- Avalanche Lake/ Trail of the Cedars: Trail of the Cedars is a wheelchair accessible loop trail just 5 miles from the Lake McDonald Lodge. The eastern portion of the trail is a raised boardwalk that travels through a forest of ancient hemlocks and red cedars, with lush ferns and mosses covering the forest floor. You can stick with just the Trail of Cedars, which is flat the entire way. Or, a half-mile from the Trail of Cedars trailhead, you have the option to turn off on to the Avalanche Lake spur trail. The trail has a short, steep section as it follows Avalanche Creek, but levels off once it leaves the creek.
- Johns Lake Loop: The Johns Lake Loop trailhead is 1.3 miles east of Lake McDonald Lodge. It’s a very pleasant trail that wanders through dense forests of hemlocks and red cedars. It crosses a footbridge over Sacred Dancing Cascade, a picturesque waterfall on Lake McDonald Creek, before eventually ending up at the powerful McDonald Falls. The whole loop is an easy 1.8 miles.
At the end of your day, be sure to reward yourself with some huckleberry ice cream from Eddie’s in West Glacier Village before heading back to your hotel.
Glacier National Park Itinerary Day 3:
Learn about the Blackfeet in Browning
Before they were part of a national park, the Glacier mountains were (and still are) a sacred spot for the local Native American tribes. Learning about their history is a crucial part of understanding Glacier National Park. A visit to Browning, Montana provides a fascinating way to get a glimpse of the culture of one of those tribes, the Blackfeet Nation.
Browning is located on the east side of the park, a 2-hour drive from Kalispell. You can either take the Going-to-the-Sun Road through the park or Highway 2, which follows along the southern border of the park.
Once in Browning, check out the Museum of the Plains Indian to learn all about the history of the people who lived here long before explorers ever laid eyes on these mountains. Also, stop in at the Lodgepole Gallery to learn about Blackfeet art and culture.
On your way back to the Kalispell area, be sure to drive by stunning Two Medicine Lake and stop in East Glacier Village for dinner. Serrano’s has incredible Mexican food (which I know you would not expect this far north, but just trust me!). You should also explore Glacier Park Lodge, the oldest and most regal of Glacier’s hotels.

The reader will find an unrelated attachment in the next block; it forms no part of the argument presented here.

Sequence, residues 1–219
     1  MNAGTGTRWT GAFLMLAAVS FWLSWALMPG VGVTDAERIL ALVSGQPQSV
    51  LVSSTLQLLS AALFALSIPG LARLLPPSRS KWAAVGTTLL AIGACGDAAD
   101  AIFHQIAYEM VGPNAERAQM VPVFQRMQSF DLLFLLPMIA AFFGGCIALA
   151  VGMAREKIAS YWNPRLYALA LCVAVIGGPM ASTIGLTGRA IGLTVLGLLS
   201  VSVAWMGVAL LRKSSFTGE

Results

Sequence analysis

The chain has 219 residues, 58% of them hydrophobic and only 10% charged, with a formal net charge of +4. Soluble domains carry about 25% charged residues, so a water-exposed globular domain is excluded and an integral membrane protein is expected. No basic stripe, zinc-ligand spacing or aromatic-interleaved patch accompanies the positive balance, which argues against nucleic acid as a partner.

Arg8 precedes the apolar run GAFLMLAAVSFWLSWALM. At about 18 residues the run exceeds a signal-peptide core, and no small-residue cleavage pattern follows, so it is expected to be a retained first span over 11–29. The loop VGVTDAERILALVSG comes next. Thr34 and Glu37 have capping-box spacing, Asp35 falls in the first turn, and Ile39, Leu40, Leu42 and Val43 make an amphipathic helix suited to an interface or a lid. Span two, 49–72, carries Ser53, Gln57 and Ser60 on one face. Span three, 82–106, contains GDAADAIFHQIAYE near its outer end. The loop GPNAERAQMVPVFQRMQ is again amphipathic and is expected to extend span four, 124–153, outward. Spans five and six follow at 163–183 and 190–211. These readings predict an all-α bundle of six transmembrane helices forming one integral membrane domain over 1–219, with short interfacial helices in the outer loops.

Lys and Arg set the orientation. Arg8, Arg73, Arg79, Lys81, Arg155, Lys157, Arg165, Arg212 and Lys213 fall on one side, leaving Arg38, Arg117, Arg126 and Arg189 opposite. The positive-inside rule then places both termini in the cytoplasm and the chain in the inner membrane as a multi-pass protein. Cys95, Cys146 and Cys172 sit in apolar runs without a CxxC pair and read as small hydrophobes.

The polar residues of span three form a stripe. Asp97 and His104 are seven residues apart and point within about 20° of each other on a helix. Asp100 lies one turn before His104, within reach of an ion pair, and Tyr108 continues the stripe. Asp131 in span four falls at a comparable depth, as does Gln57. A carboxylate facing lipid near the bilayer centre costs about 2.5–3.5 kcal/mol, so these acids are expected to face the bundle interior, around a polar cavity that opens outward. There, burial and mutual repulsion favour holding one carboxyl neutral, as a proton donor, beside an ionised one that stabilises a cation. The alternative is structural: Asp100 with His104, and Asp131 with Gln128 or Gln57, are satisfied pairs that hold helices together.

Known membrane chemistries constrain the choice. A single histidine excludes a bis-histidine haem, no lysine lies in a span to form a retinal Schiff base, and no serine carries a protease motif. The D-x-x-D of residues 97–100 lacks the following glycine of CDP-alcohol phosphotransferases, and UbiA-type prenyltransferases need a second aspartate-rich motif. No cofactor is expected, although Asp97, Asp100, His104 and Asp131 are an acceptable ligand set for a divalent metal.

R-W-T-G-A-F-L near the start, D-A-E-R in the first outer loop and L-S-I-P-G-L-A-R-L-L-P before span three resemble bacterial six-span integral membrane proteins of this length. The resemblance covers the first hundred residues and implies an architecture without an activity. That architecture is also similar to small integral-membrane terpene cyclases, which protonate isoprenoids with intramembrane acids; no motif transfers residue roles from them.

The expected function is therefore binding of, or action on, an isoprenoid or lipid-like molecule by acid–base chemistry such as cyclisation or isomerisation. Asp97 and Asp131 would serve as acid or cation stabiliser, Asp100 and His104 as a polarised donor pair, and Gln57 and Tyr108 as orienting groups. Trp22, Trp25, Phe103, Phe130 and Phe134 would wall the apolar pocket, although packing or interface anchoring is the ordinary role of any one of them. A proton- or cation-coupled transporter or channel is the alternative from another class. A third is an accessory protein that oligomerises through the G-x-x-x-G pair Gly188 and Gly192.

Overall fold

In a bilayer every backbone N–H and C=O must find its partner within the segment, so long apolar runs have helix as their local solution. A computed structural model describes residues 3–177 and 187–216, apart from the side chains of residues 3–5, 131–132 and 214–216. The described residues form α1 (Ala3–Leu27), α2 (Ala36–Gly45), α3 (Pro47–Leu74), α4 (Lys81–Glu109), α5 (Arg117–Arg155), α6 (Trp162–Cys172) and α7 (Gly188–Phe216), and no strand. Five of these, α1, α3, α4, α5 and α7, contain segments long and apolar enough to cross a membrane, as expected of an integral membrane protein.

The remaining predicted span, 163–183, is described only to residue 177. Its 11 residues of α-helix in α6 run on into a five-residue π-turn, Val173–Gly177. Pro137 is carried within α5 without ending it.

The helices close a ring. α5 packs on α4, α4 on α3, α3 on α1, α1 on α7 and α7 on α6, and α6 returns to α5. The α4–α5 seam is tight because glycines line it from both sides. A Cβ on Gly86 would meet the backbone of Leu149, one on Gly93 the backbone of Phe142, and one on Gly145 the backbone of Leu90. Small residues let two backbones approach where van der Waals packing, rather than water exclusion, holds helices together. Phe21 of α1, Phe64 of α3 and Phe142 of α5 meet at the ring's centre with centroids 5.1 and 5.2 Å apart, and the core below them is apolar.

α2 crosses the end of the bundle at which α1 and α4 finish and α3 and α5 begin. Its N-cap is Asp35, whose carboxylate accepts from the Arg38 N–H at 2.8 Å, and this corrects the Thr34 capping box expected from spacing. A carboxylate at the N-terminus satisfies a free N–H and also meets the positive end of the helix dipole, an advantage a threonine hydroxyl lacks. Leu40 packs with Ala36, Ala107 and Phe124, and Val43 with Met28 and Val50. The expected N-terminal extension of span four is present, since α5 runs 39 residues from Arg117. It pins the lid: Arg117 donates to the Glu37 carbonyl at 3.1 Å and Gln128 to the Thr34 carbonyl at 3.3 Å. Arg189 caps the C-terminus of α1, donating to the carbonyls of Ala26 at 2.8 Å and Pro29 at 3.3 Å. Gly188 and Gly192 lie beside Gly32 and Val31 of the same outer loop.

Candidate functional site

Glacier National Park Itinerary Day 4:
Hike to Iceberg Lake OR take a Red Bus tour
Two options today, depending on how you’re feeling.
Option 1: If you’re ready to get out and do more hiking, head over to the Many Glacier area of the park for the hike to Iceberg Lake. Another of the park’s popular trails, the Iceberg Lake hike is 10 miles roundtrip, but with very little elevation gain. You hike a couple of miles through relaxing pine forests before coming out into an exposed alpine meadow at the base of the Ptarmigan Wall.
The entire hike offers commanding vistas of the Many Glacier valley, with Mt. Wilbur and Iceberg Peak dominating the view, as well as a high chance of seeing moose and bears! Iceberg Lake itself is one of the prettiest in the park – because of its constantly shaded location, it has ice floating in it almost year-round.
Although the trail is often a bit crowded, it’s well worth putting up with the other tourists.
Note: Iceberg Lake, and the Many Glacier region, is prime grizzly bear habitat. The trail is often closed for bear activity, so be sure to check with a ranger (or this webpage) to make sure the trail is open when you go.
Option 2: If you’d rather not do a long hike today, take a Red Bus Tour! These are an excellent way to learn the history of the park and take in the views. The fleet of 1930s era buses are considered to be the oldest touring vehicles in the world, so this is an experience you definitely can’t get anywhere else. But, these tours sell out very quickly, so be sure to make your reservation far in advance.